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Understanding the elastic behavior of basalt is important to seismically monitor volcanoes, subsea basalts, and carbon sequestration in basalt. We estimate the elastic properties of basalt samples from the Snake River Plain, Idaho, at ultrasonic (0.8 MHz) and seismic (2–300 Hz) frequencies. To test the sensitivity of seismic waves to the fluid content in the pore structure, measurements are performed at three saturation conditions: saturated with liquid CO2, water, and dry. When CO2 replaces water, the P-wave velocity drops, on average, by 10%. Vesicles and cracks, observed in the rock microstructure, control the relaxation of pore-fluid pressures in the rock as a wave propagates. The bulk and shear moduli of basalts saturated with liquid CO2 are not frequency dependent, suggesting that fluid pore pressures are in equilibrium between 2 Hz and 0.8 MHz. However, when samples are water saturated, the bulk modulus of the rock is frequency dependent. Modeling with Gassmann's equations predicts the measured saturated rock bulk modulus for all fluids for frequencies below 20 Hz but underpredicts the water-saturated basalt bulk modulus for frequencies greater than 20 Hz. The most likely reason is that the pore-fluid pressures are unrelaxed. Instead, the ultrasonic frequency rock moduli are modeled with high-frequency elastic theories of squirt flow and Kuster–Toksöz (KT). Although KT's model is based on idealized pore shapes, a combination of spheres (vesicles) and penny-shaped cracks (fractures) interpreted and quantified from petrographical data predicts the ultrasonic dry and saturated rock moduli for the measured basalts.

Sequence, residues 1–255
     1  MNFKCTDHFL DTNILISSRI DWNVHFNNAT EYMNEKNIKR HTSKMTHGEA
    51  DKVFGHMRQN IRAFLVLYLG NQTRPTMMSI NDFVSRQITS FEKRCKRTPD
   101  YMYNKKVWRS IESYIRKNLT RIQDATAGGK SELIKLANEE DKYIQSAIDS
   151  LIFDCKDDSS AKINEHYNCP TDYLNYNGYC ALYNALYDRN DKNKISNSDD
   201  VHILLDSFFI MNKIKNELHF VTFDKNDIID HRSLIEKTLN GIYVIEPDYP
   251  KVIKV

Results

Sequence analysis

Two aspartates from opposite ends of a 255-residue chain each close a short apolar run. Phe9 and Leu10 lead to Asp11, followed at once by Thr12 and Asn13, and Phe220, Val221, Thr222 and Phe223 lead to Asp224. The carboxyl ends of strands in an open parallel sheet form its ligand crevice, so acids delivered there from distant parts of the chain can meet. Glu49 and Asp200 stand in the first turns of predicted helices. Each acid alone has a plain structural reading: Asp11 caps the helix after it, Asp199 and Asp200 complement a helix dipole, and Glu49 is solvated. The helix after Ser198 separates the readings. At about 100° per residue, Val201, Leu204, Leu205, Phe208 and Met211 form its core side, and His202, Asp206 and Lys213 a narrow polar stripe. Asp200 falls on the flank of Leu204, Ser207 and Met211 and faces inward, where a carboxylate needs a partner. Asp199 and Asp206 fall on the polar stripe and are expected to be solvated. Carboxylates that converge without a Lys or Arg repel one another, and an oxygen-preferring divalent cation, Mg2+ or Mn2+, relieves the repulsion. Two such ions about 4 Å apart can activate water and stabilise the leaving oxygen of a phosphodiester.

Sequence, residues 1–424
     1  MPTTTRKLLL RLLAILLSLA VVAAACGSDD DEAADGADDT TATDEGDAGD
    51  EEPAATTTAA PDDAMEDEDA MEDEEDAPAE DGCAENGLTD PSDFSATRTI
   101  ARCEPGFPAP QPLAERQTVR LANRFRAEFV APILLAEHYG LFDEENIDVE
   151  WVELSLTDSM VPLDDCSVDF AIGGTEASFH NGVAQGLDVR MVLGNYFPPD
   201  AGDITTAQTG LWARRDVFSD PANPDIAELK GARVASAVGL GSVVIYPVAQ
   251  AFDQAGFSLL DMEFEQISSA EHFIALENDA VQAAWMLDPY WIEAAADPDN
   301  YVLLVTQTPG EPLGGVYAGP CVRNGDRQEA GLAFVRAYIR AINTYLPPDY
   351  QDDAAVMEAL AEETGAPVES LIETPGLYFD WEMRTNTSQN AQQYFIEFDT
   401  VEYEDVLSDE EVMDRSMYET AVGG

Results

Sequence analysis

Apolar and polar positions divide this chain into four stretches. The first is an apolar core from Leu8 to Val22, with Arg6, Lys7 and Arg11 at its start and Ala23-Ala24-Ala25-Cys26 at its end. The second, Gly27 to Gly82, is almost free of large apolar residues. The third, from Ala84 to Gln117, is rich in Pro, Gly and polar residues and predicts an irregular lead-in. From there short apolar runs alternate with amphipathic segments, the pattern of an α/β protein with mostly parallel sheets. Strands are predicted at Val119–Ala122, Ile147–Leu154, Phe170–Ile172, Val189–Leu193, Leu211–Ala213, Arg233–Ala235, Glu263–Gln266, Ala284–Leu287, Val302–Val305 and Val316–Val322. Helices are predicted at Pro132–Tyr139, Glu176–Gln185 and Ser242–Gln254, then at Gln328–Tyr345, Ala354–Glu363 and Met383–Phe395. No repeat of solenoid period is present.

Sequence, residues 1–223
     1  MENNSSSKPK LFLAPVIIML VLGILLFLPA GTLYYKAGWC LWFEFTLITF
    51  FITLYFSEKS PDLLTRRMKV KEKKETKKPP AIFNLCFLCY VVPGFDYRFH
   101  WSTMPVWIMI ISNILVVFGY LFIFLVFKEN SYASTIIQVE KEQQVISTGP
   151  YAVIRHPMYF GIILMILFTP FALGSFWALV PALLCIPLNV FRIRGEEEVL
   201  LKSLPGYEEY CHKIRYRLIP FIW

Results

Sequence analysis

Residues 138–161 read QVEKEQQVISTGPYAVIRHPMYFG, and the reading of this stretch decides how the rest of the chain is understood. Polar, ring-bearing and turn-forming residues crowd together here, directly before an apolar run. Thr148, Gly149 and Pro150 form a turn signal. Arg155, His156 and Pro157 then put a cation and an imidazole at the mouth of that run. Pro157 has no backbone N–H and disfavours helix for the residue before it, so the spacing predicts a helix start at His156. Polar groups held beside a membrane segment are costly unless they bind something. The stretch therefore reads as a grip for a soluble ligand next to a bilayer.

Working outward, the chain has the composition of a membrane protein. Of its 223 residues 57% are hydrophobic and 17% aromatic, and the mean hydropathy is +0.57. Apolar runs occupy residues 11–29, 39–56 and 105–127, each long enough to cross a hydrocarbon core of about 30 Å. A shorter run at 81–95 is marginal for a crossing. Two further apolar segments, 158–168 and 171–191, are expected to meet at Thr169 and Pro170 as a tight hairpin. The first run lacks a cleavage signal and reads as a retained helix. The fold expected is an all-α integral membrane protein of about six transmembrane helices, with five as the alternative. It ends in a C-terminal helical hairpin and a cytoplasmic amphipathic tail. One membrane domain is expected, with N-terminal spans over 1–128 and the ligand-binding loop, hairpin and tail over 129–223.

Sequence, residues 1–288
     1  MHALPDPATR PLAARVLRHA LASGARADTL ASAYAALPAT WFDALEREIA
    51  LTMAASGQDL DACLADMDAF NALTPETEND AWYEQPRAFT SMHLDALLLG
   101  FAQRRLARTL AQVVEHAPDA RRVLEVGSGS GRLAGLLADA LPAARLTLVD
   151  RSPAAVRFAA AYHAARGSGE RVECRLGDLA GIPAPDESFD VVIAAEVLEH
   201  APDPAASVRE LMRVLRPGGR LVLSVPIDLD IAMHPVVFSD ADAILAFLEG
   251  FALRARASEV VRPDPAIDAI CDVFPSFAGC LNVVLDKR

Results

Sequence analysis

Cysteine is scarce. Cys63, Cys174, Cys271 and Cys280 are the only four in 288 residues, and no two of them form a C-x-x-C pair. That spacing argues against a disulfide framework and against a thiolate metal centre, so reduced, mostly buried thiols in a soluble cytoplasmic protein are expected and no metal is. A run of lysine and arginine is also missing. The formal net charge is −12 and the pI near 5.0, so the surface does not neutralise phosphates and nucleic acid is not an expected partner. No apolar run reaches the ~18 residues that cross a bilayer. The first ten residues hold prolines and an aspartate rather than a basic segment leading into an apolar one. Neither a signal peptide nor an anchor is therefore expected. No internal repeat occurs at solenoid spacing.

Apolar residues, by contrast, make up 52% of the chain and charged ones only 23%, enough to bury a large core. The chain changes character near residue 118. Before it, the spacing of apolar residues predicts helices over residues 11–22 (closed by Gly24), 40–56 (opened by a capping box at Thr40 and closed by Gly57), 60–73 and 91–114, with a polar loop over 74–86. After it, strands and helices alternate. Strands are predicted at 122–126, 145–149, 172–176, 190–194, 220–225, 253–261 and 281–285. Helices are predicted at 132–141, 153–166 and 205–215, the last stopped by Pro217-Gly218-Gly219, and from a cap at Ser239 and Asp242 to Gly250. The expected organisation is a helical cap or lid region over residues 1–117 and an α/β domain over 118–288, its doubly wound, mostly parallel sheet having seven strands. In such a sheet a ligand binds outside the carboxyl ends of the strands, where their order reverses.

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Copyright 2013 by the American Geophysical Union. Doi: 10.1002/jgrb.50090.